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Tax distortions in a neoclassical monetary economy

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  • Thomas F. Cooley
  • Gary D. Hansen

Abstract

In this paper we use the common perspective provided by the neoclassical growth model to evaluate the size of the distortions associated with different monetary and fiscal policies designed to finance a given sequence of government expenditures. We construct an artificial monetary economy incorporating the cash-in-advance framework of Lucas and Stokey (1983), calibrate it to match important features of the U.S. economy, and simulate it to provide a quantitative assessment of the welfare costs associated with government policies involving different combinations of taxes on capital and labor income, consumption, and holdings of money. In particular, we evaluate the welfare gains from tax reforms that are designed to replace taxes on capital or labor income with other forms of taxation. Our results suggest that the welfare costs of financing a given sequence of government expenditures are slightly lower in economies that substitute inflation or consumption taxes for the tax on labor income, but dramatically lower for economies that substitute any of these taxes for the tax on capital income. Replacing the capital tax with a consumption tax, for example, eliminates 81 percent of the welfare cost arising from distorting taxation. In addition, we show that these welfare costs can be reduced further by eliminating the capital tax with a nonstationary policy that involves a transition to a temporary policy followed by a new steady state policy rather than an immediate change to a new steady state policy.

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Bibliographic Info

Paper provided by Federal Reserve Bank of Minneapolis in its series Discussion Paper / Institute for Empirical Macroeconomics with number 38.

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Date of creation: 1991
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Handle: RePEc:fip:fedmem:38

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Keywords: Fiscal policy ; Monetary policy;

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  1. Brock, William A. & Mirman, Leonard J., 1972. "Optimal economic growth and uncertainty: The discounted case," Journal of Economic Theory, Elsevier, vol. 4(3), pages 479-513, June.
  2. Larry E. Jones & Rodolfo Manuelli, 1990. "A Convex Model of Equilibrium Growth," NBER Working Papers 3241, National Bureau of Economic Research, Inc.
  3. Lawrence J. Christiano & Martin Eichenbaum, 1988. "Is Theory Really Ahead of Measurement? Current Real Business Cycle Theories and Aggregate Labor Market Fluctuations," NBER Working Papers 2700, National Bureau of Economic Research, Inc.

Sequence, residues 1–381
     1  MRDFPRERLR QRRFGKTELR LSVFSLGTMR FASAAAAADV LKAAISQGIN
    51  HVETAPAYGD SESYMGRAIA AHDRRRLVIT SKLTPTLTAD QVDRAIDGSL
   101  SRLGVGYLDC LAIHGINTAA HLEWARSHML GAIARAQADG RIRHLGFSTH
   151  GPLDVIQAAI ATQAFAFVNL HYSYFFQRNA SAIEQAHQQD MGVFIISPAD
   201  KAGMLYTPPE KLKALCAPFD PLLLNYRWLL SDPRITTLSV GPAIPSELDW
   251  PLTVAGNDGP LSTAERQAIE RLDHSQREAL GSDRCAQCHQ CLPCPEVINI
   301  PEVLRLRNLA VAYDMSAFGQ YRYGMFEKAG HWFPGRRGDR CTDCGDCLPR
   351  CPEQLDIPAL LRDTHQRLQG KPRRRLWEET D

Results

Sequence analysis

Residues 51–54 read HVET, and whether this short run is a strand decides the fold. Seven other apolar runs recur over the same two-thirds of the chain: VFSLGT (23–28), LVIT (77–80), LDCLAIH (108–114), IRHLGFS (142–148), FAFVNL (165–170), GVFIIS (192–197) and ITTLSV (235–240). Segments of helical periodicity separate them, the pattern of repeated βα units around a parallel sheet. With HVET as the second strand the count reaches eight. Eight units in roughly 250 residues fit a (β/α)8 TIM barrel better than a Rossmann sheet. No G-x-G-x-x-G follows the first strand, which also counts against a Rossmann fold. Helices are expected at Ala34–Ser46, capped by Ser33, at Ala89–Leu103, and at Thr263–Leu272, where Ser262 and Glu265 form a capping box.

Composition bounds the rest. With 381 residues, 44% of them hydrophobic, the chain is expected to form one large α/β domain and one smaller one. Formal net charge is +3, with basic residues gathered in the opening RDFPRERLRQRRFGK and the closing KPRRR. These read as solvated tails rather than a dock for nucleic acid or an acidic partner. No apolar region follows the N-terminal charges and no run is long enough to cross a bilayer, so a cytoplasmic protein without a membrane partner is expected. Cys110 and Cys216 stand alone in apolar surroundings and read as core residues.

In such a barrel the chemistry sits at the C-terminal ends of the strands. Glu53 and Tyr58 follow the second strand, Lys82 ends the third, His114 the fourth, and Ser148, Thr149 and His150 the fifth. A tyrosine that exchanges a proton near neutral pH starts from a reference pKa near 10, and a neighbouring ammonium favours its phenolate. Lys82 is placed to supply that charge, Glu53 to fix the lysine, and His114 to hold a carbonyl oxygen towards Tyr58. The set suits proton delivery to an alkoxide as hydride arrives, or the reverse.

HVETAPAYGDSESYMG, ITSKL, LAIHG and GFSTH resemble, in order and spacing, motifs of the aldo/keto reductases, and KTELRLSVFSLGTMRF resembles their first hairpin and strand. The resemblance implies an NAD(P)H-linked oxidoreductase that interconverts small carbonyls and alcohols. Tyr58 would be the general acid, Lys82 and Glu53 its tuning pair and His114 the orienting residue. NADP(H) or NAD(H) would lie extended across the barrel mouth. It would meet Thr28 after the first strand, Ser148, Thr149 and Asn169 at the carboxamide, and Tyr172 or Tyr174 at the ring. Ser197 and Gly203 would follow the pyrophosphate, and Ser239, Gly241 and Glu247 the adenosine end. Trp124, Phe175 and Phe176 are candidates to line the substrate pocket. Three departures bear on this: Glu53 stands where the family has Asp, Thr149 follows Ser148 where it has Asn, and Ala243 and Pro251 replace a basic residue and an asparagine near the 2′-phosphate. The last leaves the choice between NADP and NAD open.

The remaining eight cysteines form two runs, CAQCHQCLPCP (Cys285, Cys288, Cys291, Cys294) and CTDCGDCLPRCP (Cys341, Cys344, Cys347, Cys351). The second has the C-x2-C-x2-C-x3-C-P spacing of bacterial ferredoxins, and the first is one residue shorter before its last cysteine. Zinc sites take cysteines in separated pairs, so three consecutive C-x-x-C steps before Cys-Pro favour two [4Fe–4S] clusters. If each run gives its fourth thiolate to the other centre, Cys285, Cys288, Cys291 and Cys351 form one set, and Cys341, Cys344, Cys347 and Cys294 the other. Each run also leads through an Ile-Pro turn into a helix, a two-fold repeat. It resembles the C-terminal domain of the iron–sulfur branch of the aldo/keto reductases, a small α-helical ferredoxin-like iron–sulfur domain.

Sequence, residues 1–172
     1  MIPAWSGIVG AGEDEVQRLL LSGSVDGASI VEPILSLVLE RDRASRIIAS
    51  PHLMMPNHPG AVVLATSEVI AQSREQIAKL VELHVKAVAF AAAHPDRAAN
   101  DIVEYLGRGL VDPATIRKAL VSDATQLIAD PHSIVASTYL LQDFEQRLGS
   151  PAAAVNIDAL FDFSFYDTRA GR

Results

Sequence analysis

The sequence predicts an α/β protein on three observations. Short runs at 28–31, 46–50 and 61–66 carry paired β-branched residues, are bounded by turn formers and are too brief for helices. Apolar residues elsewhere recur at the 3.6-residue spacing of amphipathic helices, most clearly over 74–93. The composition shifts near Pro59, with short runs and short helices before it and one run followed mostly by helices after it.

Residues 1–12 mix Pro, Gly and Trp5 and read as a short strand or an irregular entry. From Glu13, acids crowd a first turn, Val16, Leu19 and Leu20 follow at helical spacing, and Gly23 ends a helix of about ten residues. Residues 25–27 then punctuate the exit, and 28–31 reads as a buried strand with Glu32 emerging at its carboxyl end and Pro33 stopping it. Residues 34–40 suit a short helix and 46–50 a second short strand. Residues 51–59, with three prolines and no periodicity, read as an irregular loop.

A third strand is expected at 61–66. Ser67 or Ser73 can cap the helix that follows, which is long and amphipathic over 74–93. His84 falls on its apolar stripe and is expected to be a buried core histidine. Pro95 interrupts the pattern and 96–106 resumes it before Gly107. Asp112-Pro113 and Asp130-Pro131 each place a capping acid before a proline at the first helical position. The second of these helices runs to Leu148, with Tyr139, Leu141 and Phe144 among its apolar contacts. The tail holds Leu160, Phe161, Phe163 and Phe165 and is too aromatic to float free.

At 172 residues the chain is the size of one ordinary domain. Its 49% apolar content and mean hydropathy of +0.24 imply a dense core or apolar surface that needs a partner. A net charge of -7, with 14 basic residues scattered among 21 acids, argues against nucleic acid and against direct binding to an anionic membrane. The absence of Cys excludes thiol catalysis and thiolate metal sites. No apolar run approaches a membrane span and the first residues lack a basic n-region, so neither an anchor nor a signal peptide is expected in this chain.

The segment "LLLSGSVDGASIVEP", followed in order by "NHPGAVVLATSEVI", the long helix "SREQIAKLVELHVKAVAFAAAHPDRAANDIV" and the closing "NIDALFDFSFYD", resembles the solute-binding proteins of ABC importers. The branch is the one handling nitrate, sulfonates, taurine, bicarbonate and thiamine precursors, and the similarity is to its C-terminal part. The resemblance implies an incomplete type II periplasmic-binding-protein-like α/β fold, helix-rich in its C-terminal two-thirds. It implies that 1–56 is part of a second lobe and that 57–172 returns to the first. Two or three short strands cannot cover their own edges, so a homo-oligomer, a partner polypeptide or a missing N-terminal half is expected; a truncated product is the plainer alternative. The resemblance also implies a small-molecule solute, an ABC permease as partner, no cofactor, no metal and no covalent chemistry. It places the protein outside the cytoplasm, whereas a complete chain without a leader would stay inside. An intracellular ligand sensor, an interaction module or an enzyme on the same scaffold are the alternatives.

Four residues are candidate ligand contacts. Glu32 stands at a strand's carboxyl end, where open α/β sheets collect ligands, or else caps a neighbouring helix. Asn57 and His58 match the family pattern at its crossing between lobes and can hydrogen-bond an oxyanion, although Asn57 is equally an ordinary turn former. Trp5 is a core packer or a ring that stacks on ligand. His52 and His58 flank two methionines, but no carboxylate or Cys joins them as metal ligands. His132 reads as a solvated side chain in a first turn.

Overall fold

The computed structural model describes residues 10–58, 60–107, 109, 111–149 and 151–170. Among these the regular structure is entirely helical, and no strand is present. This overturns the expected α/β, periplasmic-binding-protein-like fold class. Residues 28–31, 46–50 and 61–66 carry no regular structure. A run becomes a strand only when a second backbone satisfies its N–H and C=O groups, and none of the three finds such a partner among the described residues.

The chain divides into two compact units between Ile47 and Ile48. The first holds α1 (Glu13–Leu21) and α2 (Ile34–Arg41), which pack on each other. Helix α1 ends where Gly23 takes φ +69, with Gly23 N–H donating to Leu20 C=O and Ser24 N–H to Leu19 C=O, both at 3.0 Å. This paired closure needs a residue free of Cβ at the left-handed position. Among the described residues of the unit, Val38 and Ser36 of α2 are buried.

4. Long, John B, Jr & Plosser, Charles I, 1983. "Real Business Cycles," Journal of Political Economy, University of Chicago Press, vol. 91(1), pages 39-69, February.
  5. Chamley, Christophe, 1981. "The Welfare Cost of Capital Income Taxation in a Growing Economy," Journal of Political Economy, University of Chicago Press, vol. 89(3), pages 468-96, June.
  6. Hansen, Gary D., 1985. "Indivisible labor and the business cycle," Journal of Monetary Economics, Elsevier, vol. 16(3), pages 309-327, November.
  7. Kydland, Finn E & Prescott, Edward C, 1977. "Rules Rather Than Discretion: The Inconsistency of Optimal Plans," Journal of Political Economy, University of Chicago Press, vol. 85(3), pages 473-91, June.
  8. Gary D. Hansen & Edward C. Prescott, 1992. "Recursive methods for computing equilibria of business cycle models," Discussion Paper / Institute for Empirical Macroeconomics 36, Federal Reserve Bank of Minneapolis.
  9. Cooley, T.F. & Hansen, G.D., 1988. "The Inflation Tax In A Real Business Cycle Model," Papers 88-05, Rochester, Business - General.
  10. Prescott, Edward C., 1986. "Theory ahead of business-cycle measurement," Carnegie-Rochester Conference Series on Public Policy, Elsevier, vol. 25(1), pages 11-44, January.
  11. Kenneth L. Judd, 1984. "The Welfare Cost of Factor Taxation in a Perfect Foresight Model," Discussion Papers 643, Northwestern University, Center for Mathematical Studies in Economics and Management Science.
  12. Richard Rogerson, 2010. "Indivisible Labor, Lotteries and Equilibrium," Levine's Working Paper Archive 250, David K. Levine.
  13. Joines, Douglas H, 1981. "Estimates of Effective Marginal Tax Rates on Factor Incomes," The Journal of Business, University of Chicago Press, vol. 54(2), pages 191-226, April.
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